STARRING: Christian Bale, Heath Ledger, Morgan Freeman, Michael Caine, Gary Oldman, Aaron Eckhart, Maggie Gyllenhaal, Eric Roberts, Anthony Michael Hall, Nestor Carbonell, Melinda McGraw, Nathan Gamble, Michael Jai White

2008, 152 Minutes, Directed by: Christopher Nolan

Description: The follow-up to the action hit Batman Begins, The Dark Knight reunites director Christopher Nolan and star Christian Bale, who reprises the role of Batman/Bruce Wayne. In the new film, Batman raises the stakes in his war on crime. With the help of Lieutenant Jim Gordon and District Attorney Harvey Dent, Batman sets out to dismantle the remaining criminal organizations that plague the city streets. The partnership proves to be effective, but they soon find themselves prey to a reign of chaos unleashed by a rising criminal mastermind known to the terrified citizens of Gotham as The Joker.

There is no other way to put this: The Dark Knight is bloody brilliant, and there is no way you should miss it on the big screen. The bigger your screen and louder your sound system, the better. This is the sort of thing that will be simply excellent on IMAX. Don’t wait for this to crop up on DVD one day.

Sure, the movie pummels you into submission. But it’s a good kind of pummelling – not the Michael Bay sort of pummeling in which scenes are edited in such a way to indicate that something important is happening, even though it isn’t, with enough swirling camera movements so as to induce motion sickness. Like Batman Begins the action is fast and furious, but it is never the hyper-stylized and uninvolving computer game violence of, let’s say, an Ultraviolet or even a Wanted. There is always a gritty realism to the proceedings even when what is happening is patently absurd. So, yes, it is more of the same: except for the absence of Mrs. Tom Cruise (and with Maggie Gyllenhaal standing in for her, who cares?) Dark Knight follows seamlessly upon the events of Batman Begins. To paraphrase Batman himself, if you liked Batman Begins, you will love The Dark Knight.

"Many action movie directors should worship at Nolan’s feet . . ."

To be honest I wasn’t always converted to the Christopher Nolan way of doing things with Batman Begins. After all, I kinda missed Danny Elfman’s Batman Returns score and some of Anton Furst’s architectural designs for Tim Burton’s Batman movies the previous time around. Not with The Dark Knight though. But in retrospect re-inventing the Batman franchise as a tough-as-nails action movie set in as much of the real world as possible was the best decision they could have made. (That plus removing those damned nipples from the Bat suit of course!) Moving the franchise away from Tim Burton’s noir surrealism and Joel Schumacher’s camp day glo was the right thing to do. I didn’t miss any of it with The Dark Knight.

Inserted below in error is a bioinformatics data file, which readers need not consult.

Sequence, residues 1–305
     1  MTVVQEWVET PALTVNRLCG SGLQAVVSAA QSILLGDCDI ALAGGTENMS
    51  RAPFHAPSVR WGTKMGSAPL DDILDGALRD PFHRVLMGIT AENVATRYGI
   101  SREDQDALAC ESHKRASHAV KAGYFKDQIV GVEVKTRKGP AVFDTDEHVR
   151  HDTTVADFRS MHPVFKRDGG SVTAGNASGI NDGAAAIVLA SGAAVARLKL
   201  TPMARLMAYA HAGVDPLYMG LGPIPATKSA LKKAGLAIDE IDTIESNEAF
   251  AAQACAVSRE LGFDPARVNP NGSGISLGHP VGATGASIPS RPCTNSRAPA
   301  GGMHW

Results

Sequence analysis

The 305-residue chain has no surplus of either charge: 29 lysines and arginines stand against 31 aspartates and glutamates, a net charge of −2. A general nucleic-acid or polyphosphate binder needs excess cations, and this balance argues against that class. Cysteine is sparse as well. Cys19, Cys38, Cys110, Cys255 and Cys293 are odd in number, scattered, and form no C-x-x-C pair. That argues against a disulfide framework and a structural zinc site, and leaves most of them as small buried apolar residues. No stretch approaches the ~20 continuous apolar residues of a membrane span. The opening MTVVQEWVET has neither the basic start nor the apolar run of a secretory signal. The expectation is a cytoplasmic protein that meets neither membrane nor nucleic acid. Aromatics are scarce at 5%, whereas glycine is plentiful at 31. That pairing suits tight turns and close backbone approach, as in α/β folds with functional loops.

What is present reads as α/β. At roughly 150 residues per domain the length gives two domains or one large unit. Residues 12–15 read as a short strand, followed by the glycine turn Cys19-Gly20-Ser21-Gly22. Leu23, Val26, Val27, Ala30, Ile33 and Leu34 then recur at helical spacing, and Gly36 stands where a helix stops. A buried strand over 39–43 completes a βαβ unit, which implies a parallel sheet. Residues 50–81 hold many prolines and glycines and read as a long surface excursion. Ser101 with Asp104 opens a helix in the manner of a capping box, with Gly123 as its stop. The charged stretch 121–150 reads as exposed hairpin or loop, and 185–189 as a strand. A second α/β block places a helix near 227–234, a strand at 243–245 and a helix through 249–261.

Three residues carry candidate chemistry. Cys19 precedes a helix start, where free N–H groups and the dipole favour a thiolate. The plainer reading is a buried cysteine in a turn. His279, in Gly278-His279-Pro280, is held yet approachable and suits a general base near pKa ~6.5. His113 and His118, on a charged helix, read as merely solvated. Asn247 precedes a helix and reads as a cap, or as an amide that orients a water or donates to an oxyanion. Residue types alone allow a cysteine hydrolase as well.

The Dark Knight features two villains already featured in previous movies, namely Jack Nicholson as the Joker in the 1989 Batman and Tommy Lee Jones as Two-Face in 1995’s Batman Forever. The reinterpretation of the two villains in Dark Knight beats both previous incarnations hands down. Whereas Nicholson played the Joker as a portly, slightly menacing clown, the younger Ledger plays him as a dangerous psychopath with makeup by Francis Bacon. Ledger is all unpredictable brooding menace and psychosis with none of the cartoonish maniacal laughter and other clichéd hammy mannerisms of Nicholson’s Joker.

Aaron Eckhart’s Two-Face is also light years removed from Tommy Lee Jones’ loud and overbearing Two-Face. Does the sadly deceased Ledger deserve an Oscar for his performance as some has suggested? Perhaps, perhaps not. But the Academy has done worse and it would make a nice gesture from them to honor the actor’s memory this way to be honest. (In-between all of this Christian Bale as batman / Bruce Wayne himself tends to get a bit lost.)

But it is the intense action sequences – in particular an extended chase featuring Batman’s new “bat pod” motorbike - that make Dark Knight the adrenaline-fuelled ride that it is. That plus the few philosophical tidbits involving human nature and vigilantism that gets thrown around along the way. (Action plus Philosophy 101 – what more do you want in a movie?) The Joker for instance contends that most people will behave badly in a bad situation. Being a murderous psychopath he is just “ahead of the curve” as he says, and he brews up his own little psychological experiment to prove his point. One suspects that the Joker is right. History bears him out and so does some dodgy behavioral science experiments from the 1970s (in particular Milgram’s 37), but for the purposes of the movie he is proved wrong – something which strikes a bit of a false note to be honest, but makes sense for the movie. After all, The Dark Knight cannot be all dark now can it?

Nope, this Dark Knight is not your father's Batman. If anything counts against it though, it is its running time. At two-and-half hours long The Dark Knight is too long and too short at the same time. After the stunning bat pod chase sequence, the rest of the action scenes in the movie seem anticlimactic in comparison. Also the film tries to squeeze in too much plot in the remainder of its running time and things seem a bit rushed almost. Some action scenes are also too under-lit for their own good and filming them in medium shots adds to the confusion. Still, many budding action movie directors should worship at Nolan’s feet. The Dark Knight works fantastically well as an action movie and when it comes to comic book stakes it kicks both metal and green butt this summer . . . if you know what I mean.


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